AMHERST, Mass. — University of Massachusetts Amherst scientist Scott Garman, biochemistry and molecular biology, has received $150,000 from the Charles H. Hood Foundation to study Fabry Disease.
Fabry disease results from a faulty protein and comes in a severe and mild form. The severe form afflicts about 1 in 40,000 males, beginning with chronic pain in the extremities around age five. Eventually, problems occur with the liver, skin, eyes and kidneys, followed by premature death. The mild form of the disease is characterized by heart problems.
First reported in 1898, the disease results from a defective protein known as alpha-galactosidase, or α-GAL, that breaks down carbohydrate-containing compounds in the cell. Garman and his colleagues have already figured out the structure of a normal α-GAL protein using X-ray crystallography, a technique that allows scientists to visualize the shapes of molecules at the atomic level.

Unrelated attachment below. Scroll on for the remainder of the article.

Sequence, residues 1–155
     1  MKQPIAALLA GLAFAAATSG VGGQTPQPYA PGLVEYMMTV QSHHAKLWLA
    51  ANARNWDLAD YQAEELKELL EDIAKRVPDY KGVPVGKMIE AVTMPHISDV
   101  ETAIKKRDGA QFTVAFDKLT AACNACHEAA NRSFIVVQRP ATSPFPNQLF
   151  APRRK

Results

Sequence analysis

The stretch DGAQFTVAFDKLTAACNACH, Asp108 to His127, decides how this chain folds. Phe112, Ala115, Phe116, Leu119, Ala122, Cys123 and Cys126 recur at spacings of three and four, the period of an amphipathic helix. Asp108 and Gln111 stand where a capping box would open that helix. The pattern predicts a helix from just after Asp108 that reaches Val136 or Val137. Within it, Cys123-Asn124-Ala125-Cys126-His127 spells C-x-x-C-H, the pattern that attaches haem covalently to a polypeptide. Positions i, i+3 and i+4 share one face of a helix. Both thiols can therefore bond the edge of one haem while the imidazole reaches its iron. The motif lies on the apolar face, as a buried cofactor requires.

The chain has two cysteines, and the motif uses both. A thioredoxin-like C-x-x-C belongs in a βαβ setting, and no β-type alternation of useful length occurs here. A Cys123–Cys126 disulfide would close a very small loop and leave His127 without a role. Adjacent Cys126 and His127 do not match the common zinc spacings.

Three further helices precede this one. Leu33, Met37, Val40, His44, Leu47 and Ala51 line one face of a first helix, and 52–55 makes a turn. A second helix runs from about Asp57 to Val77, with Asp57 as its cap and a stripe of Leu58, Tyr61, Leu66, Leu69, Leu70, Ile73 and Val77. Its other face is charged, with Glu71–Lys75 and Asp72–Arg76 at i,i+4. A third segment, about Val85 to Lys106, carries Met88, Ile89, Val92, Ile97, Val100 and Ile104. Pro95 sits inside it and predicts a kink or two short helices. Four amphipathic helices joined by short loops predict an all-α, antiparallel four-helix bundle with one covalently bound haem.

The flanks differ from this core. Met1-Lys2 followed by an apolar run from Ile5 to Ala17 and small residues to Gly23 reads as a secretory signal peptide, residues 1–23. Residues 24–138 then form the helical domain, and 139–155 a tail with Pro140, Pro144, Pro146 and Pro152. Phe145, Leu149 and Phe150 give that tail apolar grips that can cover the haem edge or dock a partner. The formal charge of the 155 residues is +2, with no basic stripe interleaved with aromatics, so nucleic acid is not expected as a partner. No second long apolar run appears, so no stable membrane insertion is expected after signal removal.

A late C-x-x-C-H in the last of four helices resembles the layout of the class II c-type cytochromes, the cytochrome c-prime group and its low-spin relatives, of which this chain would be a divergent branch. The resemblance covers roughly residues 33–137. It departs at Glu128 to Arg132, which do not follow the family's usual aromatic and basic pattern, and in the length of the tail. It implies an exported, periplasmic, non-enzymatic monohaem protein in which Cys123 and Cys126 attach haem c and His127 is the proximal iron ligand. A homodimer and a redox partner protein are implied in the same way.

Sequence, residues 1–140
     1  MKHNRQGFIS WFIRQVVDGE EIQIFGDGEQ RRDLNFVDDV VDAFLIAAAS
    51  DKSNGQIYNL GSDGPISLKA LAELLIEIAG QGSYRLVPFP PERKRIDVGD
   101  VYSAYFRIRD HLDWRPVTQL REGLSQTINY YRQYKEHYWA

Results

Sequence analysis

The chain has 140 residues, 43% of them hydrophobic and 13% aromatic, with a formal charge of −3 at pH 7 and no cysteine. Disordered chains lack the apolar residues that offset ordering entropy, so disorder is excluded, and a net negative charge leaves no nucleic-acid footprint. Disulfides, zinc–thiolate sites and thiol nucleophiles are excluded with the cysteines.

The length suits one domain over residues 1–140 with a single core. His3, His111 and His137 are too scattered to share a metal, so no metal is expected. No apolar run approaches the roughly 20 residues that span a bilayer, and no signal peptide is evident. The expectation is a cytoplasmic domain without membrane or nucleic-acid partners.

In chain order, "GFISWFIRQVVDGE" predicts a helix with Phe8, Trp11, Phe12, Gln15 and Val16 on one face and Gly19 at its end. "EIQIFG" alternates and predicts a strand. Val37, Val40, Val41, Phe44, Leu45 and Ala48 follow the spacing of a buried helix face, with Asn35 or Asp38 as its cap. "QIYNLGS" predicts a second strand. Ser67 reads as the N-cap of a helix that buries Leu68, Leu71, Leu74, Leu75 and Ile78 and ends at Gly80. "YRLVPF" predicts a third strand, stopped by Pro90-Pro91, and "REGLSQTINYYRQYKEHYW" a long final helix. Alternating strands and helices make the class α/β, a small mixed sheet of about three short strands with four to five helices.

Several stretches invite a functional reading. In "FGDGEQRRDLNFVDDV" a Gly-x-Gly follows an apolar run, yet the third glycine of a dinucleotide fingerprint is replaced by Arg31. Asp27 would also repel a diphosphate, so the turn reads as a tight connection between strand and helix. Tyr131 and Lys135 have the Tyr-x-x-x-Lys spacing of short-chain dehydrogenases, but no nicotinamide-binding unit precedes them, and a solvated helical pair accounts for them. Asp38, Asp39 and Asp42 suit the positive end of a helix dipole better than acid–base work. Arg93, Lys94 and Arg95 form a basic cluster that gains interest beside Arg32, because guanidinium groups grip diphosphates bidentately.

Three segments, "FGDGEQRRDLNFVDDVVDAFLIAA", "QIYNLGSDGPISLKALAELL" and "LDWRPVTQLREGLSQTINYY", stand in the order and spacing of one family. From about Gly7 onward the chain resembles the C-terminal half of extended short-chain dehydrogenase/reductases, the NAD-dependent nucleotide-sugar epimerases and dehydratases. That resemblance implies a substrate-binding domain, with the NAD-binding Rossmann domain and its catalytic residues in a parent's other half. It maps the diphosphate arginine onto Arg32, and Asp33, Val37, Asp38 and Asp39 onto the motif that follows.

“We’ve solved the wild-type, the normal protein structure,” says Garman. “Now we want to understand the molecular basis for the disease.”
There are hundreds of different defects in α-GAL that can lead to Fabry disease, some lead to milder forms, others are more severe. Currently, clinicians can’t predict which molecular defects lead to what symptoms in a patient. The research should shed light on similar genetic diseases, such as Tay-Sachs, which also result from the build-up of compounds that should be broken-down and recycled in the cell.